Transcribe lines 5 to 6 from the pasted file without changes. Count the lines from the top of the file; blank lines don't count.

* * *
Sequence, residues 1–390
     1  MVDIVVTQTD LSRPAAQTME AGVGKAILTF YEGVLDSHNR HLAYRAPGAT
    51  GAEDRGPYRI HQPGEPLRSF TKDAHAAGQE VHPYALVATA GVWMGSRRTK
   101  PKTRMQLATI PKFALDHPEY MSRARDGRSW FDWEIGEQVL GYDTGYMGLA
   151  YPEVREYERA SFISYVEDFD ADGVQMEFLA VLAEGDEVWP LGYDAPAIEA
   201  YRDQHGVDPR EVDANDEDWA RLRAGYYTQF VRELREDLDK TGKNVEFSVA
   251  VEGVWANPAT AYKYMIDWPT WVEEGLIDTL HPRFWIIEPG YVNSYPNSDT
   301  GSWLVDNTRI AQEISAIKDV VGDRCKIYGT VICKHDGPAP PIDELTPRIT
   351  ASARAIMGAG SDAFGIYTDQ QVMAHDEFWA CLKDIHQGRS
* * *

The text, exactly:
   151  YPEVREYERA SFISYVEDFD ADGVQMEFLA VLAEGDEVWP LGYDAPAIEA
   201  YRDQHGVDPR EVDANDEDWA RLRAGYYTQF VRELREDLDK TGKNVEFSVA